The propellers would put the apparatus in motion and it would run from 65 to 165 ft. over the boards, until it attained a velocity of 18 miles per hour, when it would rise into the air, still confined radially by the two cords, and make a flight of about 50 ft., when, the power being exhausted, it would fall to the ground, almost invariably injuring the running gear in doing so.

The flights were not very high, but on one occasion the apparatus passed over the head of a spectator. The angle of incidence was 70 or 8 o, and the power developed by the engine was at the rate of 72 33 foot-pounds per second, gross; but as its efficiency was only 25 to 30 per cent, of the gross power, the effective force was at the rate of 18.08 to 21.70 foot-pounds per second, or, say, at the rate of 5 footpounds per second (300 foot-pounds per minute) per pound of apparatus.

This power was measured with great care, the machine being provided with a tiny gauge and tested repeatedly with a dynamometer. M. Tatin calls attention to the fact that the minuteness of the engine greatly diminished its efficiency, and that with large machines it would be comparatively easy to obtain 85 per cent. of the gross power developed. He draws the conclusion that his apparatus demonstrates that 110 lbs. can be sustained and driven through the air by the exertion of 1 horse power--a most important conclusion, which will be further discussed hereafter.

To return, however, to the experiments: they are described as follows by M. Tatin :


"I will pass without description a series of preliminary experiments which led me to modify certain details, until all conditions were favorable. I then had the satisfaction of seeing the apparatus start at increasing speed, and in a few seconds the carriage barely touches the ground; then it leaves it entirely at a speed of about 18 miles per hour, which agrees closely with the calculations.

It describes over the ground a curve similar to those described by small models gliding freely, and when it comes down after its orbit, the shock as so violent as to injure the running gear. This accident recurred upon each experiment carried out under the same conditions; the carriage was soon destroyed, and even the propellers were injured, although they could be repaired. l then tried another experiment, which I had already attempted several times without success, in consequence of inadequate preparation.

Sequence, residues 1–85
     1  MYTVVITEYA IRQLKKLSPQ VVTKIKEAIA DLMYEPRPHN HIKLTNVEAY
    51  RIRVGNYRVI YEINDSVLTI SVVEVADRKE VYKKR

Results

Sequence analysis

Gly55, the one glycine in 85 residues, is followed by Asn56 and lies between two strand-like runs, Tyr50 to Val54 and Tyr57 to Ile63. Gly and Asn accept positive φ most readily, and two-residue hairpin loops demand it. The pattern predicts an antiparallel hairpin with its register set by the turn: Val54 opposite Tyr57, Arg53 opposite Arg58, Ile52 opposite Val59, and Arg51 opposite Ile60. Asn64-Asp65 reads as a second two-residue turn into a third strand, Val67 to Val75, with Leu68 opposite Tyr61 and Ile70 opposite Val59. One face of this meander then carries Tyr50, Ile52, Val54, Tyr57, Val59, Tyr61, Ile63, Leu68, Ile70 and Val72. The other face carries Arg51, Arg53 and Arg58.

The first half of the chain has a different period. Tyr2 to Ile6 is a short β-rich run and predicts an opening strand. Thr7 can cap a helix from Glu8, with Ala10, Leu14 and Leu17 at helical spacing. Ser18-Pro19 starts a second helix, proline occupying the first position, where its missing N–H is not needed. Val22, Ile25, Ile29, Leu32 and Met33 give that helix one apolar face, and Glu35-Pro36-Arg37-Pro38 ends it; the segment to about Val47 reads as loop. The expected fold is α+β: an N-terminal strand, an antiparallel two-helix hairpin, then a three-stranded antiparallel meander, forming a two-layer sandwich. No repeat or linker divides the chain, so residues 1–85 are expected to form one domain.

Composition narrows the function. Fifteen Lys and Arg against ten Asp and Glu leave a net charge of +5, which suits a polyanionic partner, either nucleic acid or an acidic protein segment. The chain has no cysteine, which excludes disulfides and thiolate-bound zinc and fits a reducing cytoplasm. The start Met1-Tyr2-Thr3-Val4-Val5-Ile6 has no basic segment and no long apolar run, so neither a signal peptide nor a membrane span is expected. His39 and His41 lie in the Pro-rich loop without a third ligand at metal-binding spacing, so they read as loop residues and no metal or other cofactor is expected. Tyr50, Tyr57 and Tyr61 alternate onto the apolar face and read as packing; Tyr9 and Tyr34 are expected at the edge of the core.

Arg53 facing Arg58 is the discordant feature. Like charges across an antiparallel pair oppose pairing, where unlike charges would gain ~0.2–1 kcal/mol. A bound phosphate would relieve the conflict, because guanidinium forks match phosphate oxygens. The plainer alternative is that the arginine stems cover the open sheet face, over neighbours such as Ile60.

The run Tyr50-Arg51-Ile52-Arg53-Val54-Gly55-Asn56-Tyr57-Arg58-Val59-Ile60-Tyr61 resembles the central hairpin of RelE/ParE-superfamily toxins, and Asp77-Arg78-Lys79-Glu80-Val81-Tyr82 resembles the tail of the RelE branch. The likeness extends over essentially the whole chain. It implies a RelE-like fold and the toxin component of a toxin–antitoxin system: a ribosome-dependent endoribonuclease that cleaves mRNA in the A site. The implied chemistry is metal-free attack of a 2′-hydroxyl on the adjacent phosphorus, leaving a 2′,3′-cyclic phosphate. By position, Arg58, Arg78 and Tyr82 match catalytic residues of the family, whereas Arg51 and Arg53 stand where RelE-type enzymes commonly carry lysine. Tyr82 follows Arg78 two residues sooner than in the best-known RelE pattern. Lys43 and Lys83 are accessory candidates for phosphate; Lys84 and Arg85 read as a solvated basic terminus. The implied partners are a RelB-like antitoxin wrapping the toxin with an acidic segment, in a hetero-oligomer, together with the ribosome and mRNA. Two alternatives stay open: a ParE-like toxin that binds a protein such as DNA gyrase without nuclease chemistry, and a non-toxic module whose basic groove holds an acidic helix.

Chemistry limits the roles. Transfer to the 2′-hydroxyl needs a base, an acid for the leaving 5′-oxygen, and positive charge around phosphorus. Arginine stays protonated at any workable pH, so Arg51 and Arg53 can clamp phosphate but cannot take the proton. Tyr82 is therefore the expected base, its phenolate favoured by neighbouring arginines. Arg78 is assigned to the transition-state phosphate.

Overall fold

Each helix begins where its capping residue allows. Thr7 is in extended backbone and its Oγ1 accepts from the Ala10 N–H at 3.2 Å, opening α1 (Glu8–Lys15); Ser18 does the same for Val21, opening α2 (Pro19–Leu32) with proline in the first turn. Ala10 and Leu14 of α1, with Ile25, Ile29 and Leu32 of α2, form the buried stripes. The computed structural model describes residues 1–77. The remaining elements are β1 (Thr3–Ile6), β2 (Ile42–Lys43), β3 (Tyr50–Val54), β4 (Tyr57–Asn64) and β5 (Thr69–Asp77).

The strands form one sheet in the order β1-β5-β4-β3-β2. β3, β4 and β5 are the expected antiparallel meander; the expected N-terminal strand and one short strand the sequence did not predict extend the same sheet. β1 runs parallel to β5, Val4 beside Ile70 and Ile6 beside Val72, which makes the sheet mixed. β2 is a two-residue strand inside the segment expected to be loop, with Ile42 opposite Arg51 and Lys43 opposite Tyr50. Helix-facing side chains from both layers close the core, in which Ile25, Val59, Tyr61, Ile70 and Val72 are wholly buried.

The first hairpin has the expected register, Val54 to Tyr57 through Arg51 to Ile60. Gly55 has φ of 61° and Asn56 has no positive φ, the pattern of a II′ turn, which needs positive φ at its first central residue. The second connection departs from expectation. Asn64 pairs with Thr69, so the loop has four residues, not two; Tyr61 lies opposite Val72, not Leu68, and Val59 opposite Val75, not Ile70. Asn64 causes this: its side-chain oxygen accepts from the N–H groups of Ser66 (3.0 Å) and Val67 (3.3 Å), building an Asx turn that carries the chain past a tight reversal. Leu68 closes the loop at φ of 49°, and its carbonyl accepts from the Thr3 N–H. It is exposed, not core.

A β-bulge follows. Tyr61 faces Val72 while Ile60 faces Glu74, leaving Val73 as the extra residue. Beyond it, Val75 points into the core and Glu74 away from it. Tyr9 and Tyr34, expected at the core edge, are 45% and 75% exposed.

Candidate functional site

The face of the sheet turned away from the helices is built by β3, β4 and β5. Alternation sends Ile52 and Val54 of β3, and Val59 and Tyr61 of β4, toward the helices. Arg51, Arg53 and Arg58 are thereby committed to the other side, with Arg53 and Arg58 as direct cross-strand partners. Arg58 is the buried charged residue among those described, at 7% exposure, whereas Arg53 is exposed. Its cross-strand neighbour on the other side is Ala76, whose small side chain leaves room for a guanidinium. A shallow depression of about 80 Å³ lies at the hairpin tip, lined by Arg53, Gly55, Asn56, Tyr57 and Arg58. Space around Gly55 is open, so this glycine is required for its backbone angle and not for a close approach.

The apparatus, the running gear being removed, was suspended by two grooved wheels running freely over an iron telegraph wire 260 ft. long, stretched as rigidly as practicable. When the speed became sufficient, the apparatus rose, and then one of the propellers struck the iron wire; the front grooved wheel overtook the machine, and the propeller was destroyed. These accidents caused no repining, for they demonstrated that in all cases the apparatus had completely overcome the force of gravity.

In order to continue the experiments I built a new carriage and new propellers, hoping to make them strong enough to stand the shocks during a new set of experiments, from which to deduce accurately the work done, The new running gear had but three wheels, these being larger and lighter than the old. The propellers, on the other hand, were made heavier) but modified so as to rotate more easily. Their vanes were made of a thin sheet of horn bent hot to the proper curvature. The inner two-fifths from the hub consisted of steel wire, this portion of a propeller requiring much force for rotation, and giving out but small effect toward propulsion; but the diameter and the pitch were the same as formerly.

I was, unfortunately, unable to make all the experiments I desired with this repaired apparatus. I intended to study the results with various angles of incidence in the planes and various pitch of the propellers; then to study the important question as to the best proportion between the sustaining surface and the diameter of the propellers; and lastly the speed of translation which will best utilize the force expended.